Q. I’m 58 and considering retirement in the near future. I’ve got about $420,000 in my TSP and I’m leaning toward taking a TSP joint life annuity, since I’m retiring relatively early and might exhaust my TSP by taking regular monthly withdrawals. I know MetLife is a reputable and well-established company. Is there any federal protection or other kind of guarantee for annuitants in the event that MetLife becomes insolvent in the future?
Q. I am a 41-year-old active duty military member with 24 years of service, retiring in 15 months. I am debating whether or not to apply for a financial hardship withdrawal from my TSP. As all too common in the military, my family and I moved from our house in one location to our new duty station. The home in the first location did not sell, so we rented. When we had issues with two separate tenants, we had to pay our mortgage and our rent. This double payment quickly depleted our savings. When we moved back to the home,…
Q. I retired as CSRS in 2015 and have a TSP account. I’ve recently decided to hire a financial planner and he recommends to “link” my accounts (savings, IRA, TSP) to a financial management tool that consolidates & updates your investments in order to get a total view of your accounts in one location for analysis. This necessitates providing my user IDs and passwords via secure encryption. The tool does not “store” the user ID or passwords. These tools seem rather common in the financial planning profession. I still have hesitation in providing my info via a tool. Would you…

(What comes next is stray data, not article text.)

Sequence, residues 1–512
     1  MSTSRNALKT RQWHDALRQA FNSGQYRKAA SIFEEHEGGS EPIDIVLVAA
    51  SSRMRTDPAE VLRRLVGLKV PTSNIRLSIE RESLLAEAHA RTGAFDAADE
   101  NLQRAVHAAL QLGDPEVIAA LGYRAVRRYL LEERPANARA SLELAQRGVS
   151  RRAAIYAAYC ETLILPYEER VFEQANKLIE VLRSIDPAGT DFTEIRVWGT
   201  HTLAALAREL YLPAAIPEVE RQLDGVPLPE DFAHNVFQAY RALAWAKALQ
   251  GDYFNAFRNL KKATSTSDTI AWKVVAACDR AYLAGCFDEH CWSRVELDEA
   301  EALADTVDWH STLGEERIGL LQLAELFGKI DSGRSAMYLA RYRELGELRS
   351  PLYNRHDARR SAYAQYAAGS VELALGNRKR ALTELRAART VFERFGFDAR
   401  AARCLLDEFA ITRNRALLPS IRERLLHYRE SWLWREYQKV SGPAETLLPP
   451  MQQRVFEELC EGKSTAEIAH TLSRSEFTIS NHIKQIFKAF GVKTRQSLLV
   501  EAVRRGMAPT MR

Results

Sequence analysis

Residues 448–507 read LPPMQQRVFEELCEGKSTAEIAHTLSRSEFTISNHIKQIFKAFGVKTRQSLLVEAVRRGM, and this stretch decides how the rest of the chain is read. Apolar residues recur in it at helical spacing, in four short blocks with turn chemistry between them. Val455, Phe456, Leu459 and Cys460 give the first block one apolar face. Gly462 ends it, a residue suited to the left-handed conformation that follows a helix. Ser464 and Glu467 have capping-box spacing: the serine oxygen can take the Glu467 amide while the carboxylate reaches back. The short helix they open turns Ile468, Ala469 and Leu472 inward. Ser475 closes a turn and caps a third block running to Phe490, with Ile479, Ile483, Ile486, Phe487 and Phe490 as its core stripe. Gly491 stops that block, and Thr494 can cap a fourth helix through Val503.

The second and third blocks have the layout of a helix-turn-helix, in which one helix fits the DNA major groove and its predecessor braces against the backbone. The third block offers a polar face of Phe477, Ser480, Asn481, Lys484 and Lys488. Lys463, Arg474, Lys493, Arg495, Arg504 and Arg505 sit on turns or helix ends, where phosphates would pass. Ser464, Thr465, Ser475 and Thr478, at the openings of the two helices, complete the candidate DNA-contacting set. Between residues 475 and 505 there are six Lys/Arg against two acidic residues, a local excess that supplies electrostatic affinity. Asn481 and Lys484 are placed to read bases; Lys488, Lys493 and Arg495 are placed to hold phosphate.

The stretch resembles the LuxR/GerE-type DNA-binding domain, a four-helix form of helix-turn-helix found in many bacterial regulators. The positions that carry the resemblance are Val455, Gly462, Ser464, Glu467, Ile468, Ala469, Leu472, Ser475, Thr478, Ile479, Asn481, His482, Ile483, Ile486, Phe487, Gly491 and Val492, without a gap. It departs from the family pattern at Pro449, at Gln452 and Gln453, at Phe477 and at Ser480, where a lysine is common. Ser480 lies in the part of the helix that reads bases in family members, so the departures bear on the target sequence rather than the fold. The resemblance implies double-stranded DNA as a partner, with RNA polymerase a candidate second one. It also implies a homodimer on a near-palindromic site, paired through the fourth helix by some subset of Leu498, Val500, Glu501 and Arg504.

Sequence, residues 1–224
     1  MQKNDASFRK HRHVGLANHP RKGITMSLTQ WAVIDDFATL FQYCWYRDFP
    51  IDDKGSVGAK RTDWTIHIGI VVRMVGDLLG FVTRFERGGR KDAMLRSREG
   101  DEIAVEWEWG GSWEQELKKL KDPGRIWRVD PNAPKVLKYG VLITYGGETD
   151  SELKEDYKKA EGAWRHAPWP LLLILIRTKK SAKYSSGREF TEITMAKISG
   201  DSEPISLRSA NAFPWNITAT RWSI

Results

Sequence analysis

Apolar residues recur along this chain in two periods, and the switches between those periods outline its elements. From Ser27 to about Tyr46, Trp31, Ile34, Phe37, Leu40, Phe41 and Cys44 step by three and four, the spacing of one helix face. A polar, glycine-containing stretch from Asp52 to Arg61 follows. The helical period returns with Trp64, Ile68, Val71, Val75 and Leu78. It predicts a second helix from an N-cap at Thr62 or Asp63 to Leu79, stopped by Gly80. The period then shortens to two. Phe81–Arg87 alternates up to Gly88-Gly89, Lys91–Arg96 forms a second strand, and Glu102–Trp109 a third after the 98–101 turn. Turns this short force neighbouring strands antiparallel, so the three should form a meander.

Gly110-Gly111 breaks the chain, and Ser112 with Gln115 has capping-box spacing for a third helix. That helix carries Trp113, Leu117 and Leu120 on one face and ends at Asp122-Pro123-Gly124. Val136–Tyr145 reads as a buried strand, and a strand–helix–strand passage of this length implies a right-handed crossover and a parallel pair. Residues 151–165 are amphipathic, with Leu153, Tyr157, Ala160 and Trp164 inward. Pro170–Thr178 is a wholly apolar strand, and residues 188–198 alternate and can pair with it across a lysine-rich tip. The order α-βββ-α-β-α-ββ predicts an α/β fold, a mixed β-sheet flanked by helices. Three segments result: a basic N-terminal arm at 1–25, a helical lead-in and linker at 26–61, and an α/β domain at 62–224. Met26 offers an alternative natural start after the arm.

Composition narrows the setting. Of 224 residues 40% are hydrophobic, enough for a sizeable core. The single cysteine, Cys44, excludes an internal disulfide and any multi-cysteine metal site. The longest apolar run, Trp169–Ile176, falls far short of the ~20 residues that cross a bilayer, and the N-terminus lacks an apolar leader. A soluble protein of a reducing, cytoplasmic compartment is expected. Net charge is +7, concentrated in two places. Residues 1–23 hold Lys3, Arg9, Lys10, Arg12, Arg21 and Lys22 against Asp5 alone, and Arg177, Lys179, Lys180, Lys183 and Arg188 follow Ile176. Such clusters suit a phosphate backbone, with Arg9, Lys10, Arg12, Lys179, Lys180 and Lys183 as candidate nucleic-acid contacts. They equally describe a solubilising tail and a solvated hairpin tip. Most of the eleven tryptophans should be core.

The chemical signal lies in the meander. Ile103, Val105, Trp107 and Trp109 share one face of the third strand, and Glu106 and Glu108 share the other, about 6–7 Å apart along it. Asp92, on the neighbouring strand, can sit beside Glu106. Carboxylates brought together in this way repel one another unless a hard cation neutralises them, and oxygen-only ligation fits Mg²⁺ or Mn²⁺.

Q. Is the TSP technically a 401(k)? I know all the same rules apply and, for example, when the contribution max or catch-up max goes up for 401(k)s, the TSP max also goes up, but I’ve never actually seen it referred to as a 401(k). If Congress changes the rules for 401(k)s as they are apparently considering, would the TSP rules also change, or would Congress have to address those separately?
Q. I owe for service credit when I withdrew my CSRS retirement in 2000. I did return to the government in 2003 and I’m now CSRS Offset. With interest I owe about $78,000. I have recently started making payment so I can receive the credit. I’m 56 and I hope to work until I’m 60. Since the interest continues to accumulate and I don’t have funds to make very large payments, I’m wondering if it would be wise to take out a TSP loan to pay down some of what I owe? If I do retire at 60 would any…
Q. I retired three years ago and put my TSP funds in the L fund. I will be 70 years old in November. Should I move my money into the L 2020 fund, since I noticed that the rate of return is significantly higher and I will not be needing to take money from the TSP until I am 70 ½ years old?
Q. I am 78, I’ve been with a federal agency for 35 years and have been collecting Social Security for almost five years. Is it beneficial to apply for disability retirement? Will it have any impact on my Social Security? Or any impact my TSP?
Q. I plan on retiring in December 2017. I have $450,000 in TSP. I would like to take out half to purchase a home. Does this make sense? The interest saved by no loan payments would be more than the amount of tax paid.
Q. I am 56 years old, and a widow. I’m working my fourth year as a U.S. Postal Service regular carrier. I worked five years as a rural carrier associate before that, one full year as a sub on my primary sub route, where the regular was not there. As I understand it, I have to work five years in order to be vested in my TSP contributions. True?